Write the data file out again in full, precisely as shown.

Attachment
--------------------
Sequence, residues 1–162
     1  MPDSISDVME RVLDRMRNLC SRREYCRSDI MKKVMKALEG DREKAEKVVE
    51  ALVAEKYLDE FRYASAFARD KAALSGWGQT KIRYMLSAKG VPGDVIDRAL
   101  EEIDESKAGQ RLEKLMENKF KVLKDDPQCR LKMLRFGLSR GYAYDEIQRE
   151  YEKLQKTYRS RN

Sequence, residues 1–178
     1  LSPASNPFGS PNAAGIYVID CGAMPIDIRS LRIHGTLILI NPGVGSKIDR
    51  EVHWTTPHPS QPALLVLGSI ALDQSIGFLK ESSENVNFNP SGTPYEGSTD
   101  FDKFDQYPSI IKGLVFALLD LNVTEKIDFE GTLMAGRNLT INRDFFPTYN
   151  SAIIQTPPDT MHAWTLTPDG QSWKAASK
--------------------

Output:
Sequence, residues 1–162
     1  MPDSISDVME RVLDRMRNLC SRREYCRSDI MKKVMKALEG DREKAEKVVE
    51  ALVAEKYLDE FRYASAFARD KAALSGWGQT KIRYMLSAKG VPGDVIDRAL
   101  EEIDESKAGQ RLEKLMENKF KVLKDDPQCR LKMLRFGLSR GYAYDEIQRE
   151  YEKLQKTYRS RN

Sequence, residues 1–178
     1  LSPASNPFGS PNAAGIYVID CGAMPIDIRS LRIHGTLILI NPGVGSKIDR
    51  EVHWTTPHPS QPALLVLGSI ALDQSIGFLK ESSENVNFNP SGTPYEGSTD
   101  FDKFDQYPSI IKGLVFALLD LNVTEKIDFE GTLMAGRNLT INRDFFPTYN
   151  SAIIQTPPDT MHAWTLTPDG QSWKAASK